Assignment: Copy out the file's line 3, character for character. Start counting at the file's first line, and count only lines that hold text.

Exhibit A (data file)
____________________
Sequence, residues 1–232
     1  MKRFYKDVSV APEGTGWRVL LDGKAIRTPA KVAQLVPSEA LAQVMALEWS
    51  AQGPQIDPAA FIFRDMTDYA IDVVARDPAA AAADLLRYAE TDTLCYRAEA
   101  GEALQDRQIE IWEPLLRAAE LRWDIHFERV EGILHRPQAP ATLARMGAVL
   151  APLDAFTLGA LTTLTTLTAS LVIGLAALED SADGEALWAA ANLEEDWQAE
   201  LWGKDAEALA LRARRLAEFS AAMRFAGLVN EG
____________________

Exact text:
    51  AQGPQIDPAA FIFRDMTDYA IDVVARDPAA AAADLLRYAE TDTLCYRAEA